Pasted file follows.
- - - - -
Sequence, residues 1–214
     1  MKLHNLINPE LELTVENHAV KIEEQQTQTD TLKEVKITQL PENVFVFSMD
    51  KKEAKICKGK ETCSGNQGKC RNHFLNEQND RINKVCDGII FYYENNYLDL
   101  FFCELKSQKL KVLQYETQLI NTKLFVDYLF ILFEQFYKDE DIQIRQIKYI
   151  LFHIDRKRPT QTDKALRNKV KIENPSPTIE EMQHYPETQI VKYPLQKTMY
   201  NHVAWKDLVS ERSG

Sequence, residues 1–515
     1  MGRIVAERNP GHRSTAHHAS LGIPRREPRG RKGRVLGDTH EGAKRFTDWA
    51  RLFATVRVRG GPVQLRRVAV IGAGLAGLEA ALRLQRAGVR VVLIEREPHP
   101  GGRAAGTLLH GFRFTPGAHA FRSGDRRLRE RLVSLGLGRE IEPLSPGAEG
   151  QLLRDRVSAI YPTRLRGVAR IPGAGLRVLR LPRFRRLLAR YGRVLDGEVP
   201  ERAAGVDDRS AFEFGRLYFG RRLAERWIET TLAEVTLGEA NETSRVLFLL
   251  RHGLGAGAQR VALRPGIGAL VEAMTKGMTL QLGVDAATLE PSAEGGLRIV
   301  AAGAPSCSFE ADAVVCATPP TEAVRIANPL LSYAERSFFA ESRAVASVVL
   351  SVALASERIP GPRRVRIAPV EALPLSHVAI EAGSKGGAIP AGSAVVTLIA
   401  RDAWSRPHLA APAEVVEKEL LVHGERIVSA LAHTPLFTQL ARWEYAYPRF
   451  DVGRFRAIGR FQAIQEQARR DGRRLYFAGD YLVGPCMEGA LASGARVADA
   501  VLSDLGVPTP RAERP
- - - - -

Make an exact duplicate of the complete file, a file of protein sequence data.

Sequence, residues 1–214
     1  MKLHNLINPE LELTVENHAV KIEEQQTQTD TLKEVKITQL PENVFVFSMD
    51  KKEAKICKGK ETCSGNQGKC RNHFLNEQND RINKVCDGII FYYENNYLDL
   101  FFCELKSQKL KVLQYETQLI NTKLFVDYLF ILFEQFYKDE DIQIRQIKYI
   151  LFHIDRKRPT QTDKALRNKV KIENPSPTIE EMQHYPETQI VKYPLQKTMY
   201  NHVAWKDLVS ERSG

Sequence, residues 1–515
     1  MGRIVAERNP GHRSTAHHAS LGIPRREPRG RKGRVLGDTH EGAKRFTDWA
    51  RLFATVRVRG GPVQLRRVAV IGAGLAGLEA ALRLQRAGVR VVLIEREPHP
   101  GGRAAGTLLH GFRFTPGAHA FRSGDRRLRE RLVSLGLGRE IEPLSPGAEG
   151  QLLRDRVSAI YPTRLRGVAR IPGAGLRVLR LPRFRRLLAR YGRVLDGEVP
   201  ERAAGVDDRS AFEFGRLYFG RRLAERWIET TLAEVTLGEA NETSRVLFLL
   251  RHGLGAGAQR VALRPGIGAL VEAMTKGMTL QLGVDAATLE PSAEGGLRIV
   301  AAGAPSCSFE ADAVVCATPP TEAVRIANPL LSYAERSFFA ESRAVASVVL
   351  SVALASERIP GPRRVRIAPV EALPLSHVAI EAGSKGGAIP AGSAVVTLIA
   401  RDAWSRPHLA APAEVVEKEL LVHGERIVSA LAHTPLFTQL ARWEYAYPRF
   451  DVGRFRAIGR FQAIQEQARR DGRRLYFAGD YLVGPCMEGA LASGARVADA
   501  VLSDLGVPTP RAERP